Figure 16: Pressure transducers position inside STARDUST.

The pressure transducer 455 has been placed on points A, B, C, and D with the sensitive element on Valve A (facing the flow field air flux) as in Figure 17 that represents the direction of transducers on line I-P positions B (PT 455) and P (PT 461).

201831.fig.0017
Figure 17: Pressure transducers orientations.

The pressure transducer 461 has been placed on the other points (by rotating the support) with the sensitive element on the lid (in front of the flow field air reflux). For each position, the experiments have been repeated for each configuration reported in Table 2 at operative conditions ( 120–130°C) and with both the initial pressure conditions considered (100 Pa and 1000 Pa). All the parameters are acquired and they stored when the internal pressure equals the external ones. At these time instants the acquisition is stopped and the results are automatically stored.

3.2. Numerical Simulation

The numerical simulations have been carried to reproduce the flow field of the same experimental campaign scenarios used during the laboratory tests; the comparison between numerical data and experimental one is used for CFD code validation. The aim of these simulations was to guarantee the accuracy required for the analysis of a LOVA in order to provide a sufficient margin in the design of safety features. They have used those features to add useful information undetectable with the experiments (like the radial velocity into the tank or the streamlines of the flow). In the nearly future they might be used to address the phenomenological questions of the LOVA that will result as part of the licensing of future nuclear fusion reactor without the need to make conservative assumptions in analysis or to apply potentially nonconservative assumptions that lead to accident termination.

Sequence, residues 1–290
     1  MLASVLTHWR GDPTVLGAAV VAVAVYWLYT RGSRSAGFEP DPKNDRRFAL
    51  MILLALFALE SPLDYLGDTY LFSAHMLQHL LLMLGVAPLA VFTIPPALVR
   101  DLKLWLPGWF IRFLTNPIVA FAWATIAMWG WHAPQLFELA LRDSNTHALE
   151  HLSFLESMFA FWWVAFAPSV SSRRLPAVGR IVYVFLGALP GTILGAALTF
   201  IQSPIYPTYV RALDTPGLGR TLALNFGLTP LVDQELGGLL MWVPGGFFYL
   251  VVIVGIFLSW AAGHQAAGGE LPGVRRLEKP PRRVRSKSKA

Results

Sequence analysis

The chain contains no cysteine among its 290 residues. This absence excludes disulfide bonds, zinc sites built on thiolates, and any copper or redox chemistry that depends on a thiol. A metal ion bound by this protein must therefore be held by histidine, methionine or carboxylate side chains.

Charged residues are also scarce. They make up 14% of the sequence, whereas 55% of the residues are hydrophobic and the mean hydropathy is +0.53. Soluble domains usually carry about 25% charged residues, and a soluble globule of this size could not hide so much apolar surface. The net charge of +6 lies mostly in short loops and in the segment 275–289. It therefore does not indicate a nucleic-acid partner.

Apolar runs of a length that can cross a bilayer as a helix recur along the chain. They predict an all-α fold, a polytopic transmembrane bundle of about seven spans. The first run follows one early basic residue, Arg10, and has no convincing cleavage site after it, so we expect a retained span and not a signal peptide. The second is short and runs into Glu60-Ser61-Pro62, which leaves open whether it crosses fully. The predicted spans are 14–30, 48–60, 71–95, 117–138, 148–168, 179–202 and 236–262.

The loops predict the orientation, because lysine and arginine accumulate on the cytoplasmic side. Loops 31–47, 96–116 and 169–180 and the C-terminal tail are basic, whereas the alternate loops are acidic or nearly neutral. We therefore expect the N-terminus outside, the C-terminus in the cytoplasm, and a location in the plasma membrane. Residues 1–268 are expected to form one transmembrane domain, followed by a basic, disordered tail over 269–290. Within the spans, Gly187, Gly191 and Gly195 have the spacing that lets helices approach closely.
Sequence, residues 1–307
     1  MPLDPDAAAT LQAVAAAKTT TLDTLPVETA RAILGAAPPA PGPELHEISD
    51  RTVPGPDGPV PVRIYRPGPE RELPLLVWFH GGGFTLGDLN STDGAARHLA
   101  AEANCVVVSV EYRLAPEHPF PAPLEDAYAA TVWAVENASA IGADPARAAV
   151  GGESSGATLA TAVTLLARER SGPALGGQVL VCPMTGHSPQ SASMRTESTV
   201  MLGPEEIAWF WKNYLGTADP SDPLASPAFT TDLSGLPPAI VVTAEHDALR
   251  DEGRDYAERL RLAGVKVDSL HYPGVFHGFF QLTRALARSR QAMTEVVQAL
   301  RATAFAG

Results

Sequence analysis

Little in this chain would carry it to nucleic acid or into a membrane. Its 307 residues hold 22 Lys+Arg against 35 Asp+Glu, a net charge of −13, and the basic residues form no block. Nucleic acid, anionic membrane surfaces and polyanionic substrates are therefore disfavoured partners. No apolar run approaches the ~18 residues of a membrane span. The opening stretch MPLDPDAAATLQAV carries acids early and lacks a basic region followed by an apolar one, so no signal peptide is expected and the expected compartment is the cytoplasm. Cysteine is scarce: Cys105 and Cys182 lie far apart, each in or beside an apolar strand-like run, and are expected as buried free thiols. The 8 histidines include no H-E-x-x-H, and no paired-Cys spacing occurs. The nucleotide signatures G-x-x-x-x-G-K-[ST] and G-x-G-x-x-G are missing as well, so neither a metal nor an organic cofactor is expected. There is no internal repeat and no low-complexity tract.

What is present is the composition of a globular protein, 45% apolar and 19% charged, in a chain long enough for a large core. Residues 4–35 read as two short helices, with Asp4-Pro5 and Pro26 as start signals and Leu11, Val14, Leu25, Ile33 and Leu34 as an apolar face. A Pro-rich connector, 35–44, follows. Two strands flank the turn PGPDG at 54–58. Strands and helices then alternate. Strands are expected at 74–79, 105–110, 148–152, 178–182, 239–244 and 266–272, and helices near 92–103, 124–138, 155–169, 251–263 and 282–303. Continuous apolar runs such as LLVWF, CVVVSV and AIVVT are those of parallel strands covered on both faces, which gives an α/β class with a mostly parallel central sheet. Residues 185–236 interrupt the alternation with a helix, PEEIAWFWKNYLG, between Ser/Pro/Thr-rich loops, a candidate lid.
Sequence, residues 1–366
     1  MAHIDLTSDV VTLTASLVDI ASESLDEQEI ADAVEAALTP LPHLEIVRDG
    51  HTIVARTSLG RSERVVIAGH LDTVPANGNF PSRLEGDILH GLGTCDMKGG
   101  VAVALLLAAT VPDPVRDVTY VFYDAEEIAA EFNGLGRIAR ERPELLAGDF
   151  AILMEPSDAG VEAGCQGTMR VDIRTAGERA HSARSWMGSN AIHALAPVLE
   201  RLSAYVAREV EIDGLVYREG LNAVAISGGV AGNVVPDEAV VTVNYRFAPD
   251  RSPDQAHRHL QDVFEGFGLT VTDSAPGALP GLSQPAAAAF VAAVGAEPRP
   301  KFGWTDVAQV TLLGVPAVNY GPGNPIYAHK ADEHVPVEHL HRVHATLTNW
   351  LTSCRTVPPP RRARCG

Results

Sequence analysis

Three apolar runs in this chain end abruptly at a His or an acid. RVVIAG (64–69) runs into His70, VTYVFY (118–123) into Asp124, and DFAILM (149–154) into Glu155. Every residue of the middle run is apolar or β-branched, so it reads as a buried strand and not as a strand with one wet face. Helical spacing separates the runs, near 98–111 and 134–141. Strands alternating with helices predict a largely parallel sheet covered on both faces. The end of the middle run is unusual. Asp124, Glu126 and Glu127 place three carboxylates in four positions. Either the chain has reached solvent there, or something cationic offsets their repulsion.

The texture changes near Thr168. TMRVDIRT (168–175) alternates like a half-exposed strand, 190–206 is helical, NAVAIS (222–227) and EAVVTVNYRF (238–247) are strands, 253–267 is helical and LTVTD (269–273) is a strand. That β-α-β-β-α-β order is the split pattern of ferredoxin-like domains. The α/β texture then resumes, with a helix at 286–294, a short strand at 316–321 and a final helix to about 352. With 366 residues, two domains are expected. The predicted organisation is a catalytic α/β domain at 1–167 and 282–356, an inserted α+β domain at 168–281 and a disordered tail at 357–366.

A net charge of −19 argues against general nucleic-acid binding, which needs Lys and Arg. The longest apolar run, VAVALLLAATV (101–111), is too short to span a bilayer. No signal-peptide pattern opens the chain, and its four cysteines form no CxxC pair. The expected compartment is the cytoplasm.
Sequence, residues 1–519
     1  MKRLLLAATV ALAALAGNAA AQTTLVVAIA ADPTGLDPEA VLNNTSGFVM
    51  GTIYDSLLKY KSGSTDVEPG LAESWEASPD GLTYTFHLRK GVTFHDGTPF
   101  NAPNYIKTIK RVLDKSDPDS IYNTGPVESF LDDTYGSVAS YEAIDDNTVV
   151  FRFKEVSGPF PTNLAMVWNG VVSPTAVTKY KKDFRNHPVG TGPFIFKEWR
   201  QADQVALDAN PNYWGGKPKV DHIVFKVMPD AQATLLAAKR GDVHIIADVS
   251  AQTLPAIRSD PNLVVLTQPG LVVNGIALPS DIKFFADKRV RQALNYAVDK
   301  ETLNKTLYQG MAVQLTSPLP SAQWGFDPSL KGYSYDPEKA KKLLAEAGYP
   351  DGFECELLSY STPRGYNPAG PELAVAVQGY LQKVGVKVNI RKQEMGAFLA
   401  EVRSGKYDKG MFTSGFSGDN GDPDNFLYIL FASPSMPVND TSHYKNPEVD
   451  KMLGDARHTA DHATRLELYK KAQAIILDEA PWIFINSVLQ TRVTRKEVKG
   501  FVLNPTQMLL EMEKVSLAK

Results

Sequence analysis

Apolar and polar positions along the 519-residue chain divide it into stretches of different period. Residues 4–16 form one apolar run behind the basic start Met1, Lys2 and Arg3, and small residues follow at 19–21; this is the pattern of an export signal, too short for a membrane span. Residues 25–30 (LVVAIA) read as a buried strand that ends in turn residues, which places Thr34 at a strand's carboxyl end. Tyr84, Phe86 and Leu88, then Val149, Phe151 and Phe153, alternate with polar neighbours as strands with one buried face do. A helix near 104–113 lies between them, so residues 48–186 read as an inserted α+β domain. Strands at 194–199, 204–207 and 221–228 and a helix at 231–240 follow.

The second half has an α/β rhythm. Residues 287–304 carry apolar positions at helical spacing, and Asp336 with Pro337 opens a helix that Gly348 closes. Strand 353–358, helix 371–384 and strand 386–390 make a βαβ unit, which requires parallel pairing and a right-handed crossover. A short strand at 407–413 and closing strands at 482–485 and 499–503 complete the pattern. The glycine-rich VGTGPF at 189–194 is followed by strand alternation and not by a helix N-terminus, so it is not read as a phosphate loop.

3.2.1. Analytic Unsteady Solution of Pressurization Process

The first order of an analytic study is carried out. It is aimed at understanding the fundamental phenomena occurring during a LOVA event, in particular the pressurization of the vessel. The flow field and, consequently, the dust mobilization are considered effects of this phenomenon. An analytic solution of pressure history of adiabatic and isothermal pressurization of a confined volume has been adopted [87] in order to allow for a preliminary comparison between the developed CFD model and a simplified analytical model known in the scientific literature [87].

The boundary condition has been identified as STARDUST itself and the following assumptions have been adopted to simplify the system.(i)During transient pressurization, it is assumed that thermodynamic equilibrium exists inside the vessel and with respect to the surroundings.(ii)The gas (air) is ideal with constant specific heat. The equation of state for an ideal gas (2) is used to calculate the pressure in the chamber: (iii)The air in the vessel is at rest.(iv)Spatially uniform thermodynamic properties.(v)Flow through the inlet is 1D and isentropic.(vi)The cross-sectional diameter of the inlet is constant.An implicit successive substitution method is used to solve the governing equations.(1)Initially internal , and (the mass of air into the chamber) are set according to the experimental data provided by STARDUST experiment.(2)Begin a new time step and update variables in the current time step; temperature at the current time step is calculated from the internal energy as follows: (3)Begin the iteration loop for the current time step and make a guess of the variable values. Usually, in unsteady computation, the values prevailing at the previous time step are the best guess.(4)Calculate resident mass, , from the mass conservation equation where the mass flow rate can be expressed by the relationship between the stagnation pressure of the supply line and the static pressure in the vessel: (5)Calculate internal energy from the energy conservation equation (6)Calculate the pressure in the chamber from the equation of state.(7)Calculate the fractional difference in pressure between successive iterations.(8)If the fractional difference is larger than a prespecified small number known as the convergence criterion (convergence criterion for the present problem is set to 10–6), the iteration loop is repeated (steps 3 to 7) until the solution is converged.The adiabatic case, as expected, presents the highest slope, while the slope is lower for the isothermal condition. The variation of initial internal pressure does not seem to influence significantly the pressurization process. The internal temperature seems to increase the slope of the pressurization curve.

3.2.2. Governing Equations of Mathematical Model